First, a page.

In the Upper Room and Other Likely Stories is the new collection of sixteen fantastic, ironic tales by Terry Bisson. Terry Bisson uses the fantastic genres as do Kurt Vonnegut or Harlan Ellison, and like them, he is one of the strikingly original voices in short fiction today, with an audience that transcends genre. "Particularly delightful," said The Christian Science Monitor of his first collection. Bisson writes entertaining and moving stories in a strong and unique voice. They are sharp, witty, subversive, and stylish. For instance:
An Office Romance: a story of the private lives of icons on a computer desktop.
First Fire: a scientist discovers a way to date burning flame's and tries it on one in an ancient temple, with astonishing results.
Macs: clones of murderous criminals, with no human rights, are sent to be the property of their victims' families.
From the author of "Bears Discover Fire," one of the most anthologized American short stories of the last decade, this is a collection of stories that originally appeared in sources as diverse as Asimov's SF, Playboy, Southern Exposure, and Crank! They are clever, slick, memorable, occasionally profound, and always surprising.
At the Publisher's request, this title is being sold without Digital Rights Management Software (DRM) applied.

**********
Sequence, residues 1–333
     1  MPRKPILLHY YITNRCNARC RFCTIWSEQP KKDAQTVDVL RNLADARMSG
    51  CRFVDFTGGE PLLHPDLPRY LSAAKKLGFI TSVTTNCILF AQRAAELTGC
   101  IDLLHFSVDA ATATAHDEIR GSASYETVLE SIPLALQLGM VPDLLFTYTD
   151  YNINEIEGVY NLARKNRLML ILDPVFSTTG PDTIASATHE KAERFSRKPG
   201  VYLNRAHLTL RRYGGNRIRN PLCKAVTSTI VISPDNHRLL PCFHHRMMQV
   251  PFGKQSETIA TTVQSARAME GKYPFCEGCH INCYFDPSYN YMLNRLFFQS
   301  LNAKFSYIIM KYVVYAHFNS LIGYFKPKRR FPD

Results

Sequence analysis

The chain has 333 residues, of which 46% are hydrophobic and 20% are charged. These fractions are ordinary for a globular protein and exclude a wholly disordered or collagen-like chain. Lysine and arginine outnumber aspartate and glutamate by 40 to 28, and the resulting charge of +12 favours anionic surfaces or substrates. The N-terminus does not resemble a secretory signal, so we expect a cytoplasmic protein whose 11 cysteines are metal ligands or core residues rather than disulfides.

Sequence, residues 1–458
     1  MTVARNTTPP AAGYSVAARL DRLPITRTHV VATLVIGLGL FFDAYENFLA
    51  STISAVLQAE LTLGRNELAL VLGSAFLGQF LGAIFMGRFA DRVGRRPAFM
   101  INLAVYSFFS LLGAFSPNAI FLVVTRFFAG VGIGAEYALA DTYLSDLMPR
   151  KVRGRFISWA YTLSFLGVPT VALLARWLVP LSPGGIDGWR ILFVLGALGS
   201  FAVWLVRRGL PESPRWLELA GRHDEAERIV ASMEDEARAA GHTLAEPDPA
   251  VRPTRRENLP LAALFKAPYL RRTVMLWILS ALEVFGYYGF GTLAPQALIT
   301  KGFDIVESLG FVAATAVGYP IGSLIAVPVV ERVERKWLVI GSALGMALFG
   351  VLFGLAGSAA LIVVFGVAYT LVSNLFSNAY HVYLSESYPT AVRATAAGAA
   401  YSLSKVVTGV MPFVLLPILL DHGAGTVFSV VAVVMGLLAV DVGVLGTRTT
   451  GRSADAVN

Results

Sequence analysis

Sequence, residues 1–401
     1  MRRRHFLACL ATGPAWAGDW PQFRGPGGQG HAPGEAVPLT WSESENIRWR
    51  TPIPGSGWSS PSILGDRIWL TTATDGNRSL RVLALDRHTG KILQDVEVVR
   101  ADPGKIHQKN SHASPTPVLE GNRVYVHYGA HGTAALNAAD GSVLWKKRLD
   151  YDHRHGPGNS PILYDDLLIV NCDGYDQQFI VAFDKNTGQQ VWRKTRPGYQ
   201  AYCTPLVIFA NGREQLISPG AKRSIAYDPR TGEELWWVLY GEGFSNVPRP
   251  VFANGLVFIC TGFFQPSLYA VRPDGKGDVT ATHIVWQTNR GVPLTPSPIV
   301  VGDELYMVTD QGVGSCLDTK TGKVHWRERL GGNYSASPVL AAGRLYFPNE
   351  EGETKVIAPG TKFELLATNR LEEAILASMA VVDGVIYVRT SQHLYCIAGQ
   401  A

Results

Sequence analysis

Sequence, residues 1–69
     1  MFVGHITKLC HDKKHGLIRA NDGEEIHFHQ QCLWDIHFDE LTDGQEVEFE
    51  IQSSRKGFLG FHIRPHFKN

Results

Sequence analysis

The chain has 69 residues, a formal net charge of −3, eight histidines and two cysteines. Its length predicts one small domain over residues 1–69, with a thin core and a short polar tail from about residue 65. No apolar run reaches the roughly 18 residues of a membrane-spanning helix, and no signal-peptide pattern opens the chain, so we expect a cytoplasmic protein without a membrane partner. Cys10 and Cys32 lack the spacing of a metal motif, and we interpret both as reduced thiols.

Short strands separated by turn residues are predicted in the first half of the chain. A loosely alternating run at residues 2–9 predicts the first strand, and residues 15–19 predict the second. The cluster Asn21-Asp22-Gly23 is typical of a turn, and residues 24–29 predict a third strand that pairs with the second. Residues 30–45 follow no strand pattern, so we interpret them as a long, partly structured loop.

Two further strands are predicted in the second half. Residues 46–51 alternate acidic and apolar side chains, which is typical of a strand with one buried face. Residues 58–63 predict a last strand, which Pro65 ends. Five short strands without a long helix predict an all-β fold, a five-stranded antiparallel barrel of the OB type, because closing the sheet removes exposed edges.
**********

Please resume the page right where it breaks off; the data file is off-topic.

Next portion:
Bisson offers up a wide-ranging second story collection (after Bears Discover Fire) of cutting-edge SF. The future of virtual reality comes under his gaze here and there--as in his Orwellian "An Office Romance," in which, for office temp Ken678, even a furtive love affair with co-worker Mary97 is less compelling than the reassuring predictability of Microserf Office 6.9. Or the title piece of the collection, which offers week-long online vacations to the lonely, courtesy of Inward Bound, and for one pair of lovers, virtual eternity together. On an equally sinister note, "Macs" presents the ultimate Swiftian solution for victims of terrorism, with the opportunity to legally murder a cloned copy of the terrorist who killed their loved one ("Mac" for copies of "the real McCoy). In a lighter vein, there's "The Edge of the Universe," a tale delivered with a sugary dose of Southern charm that shows how a lovesick law student reverses universal entropy through one good whack with a big stick--or "an anti-entropic field reversal device." Those who relish presidential embarrassment will savor "Tell them they are full of sh*t and they should f*ck off," in which an obtuse future chief exec somehow manages to overlook a first contact with an annoyed group of aliens. In its promo, the publisher compares Bisson to Vonnegut and Harlan Ellison; that's not too much of a stretch.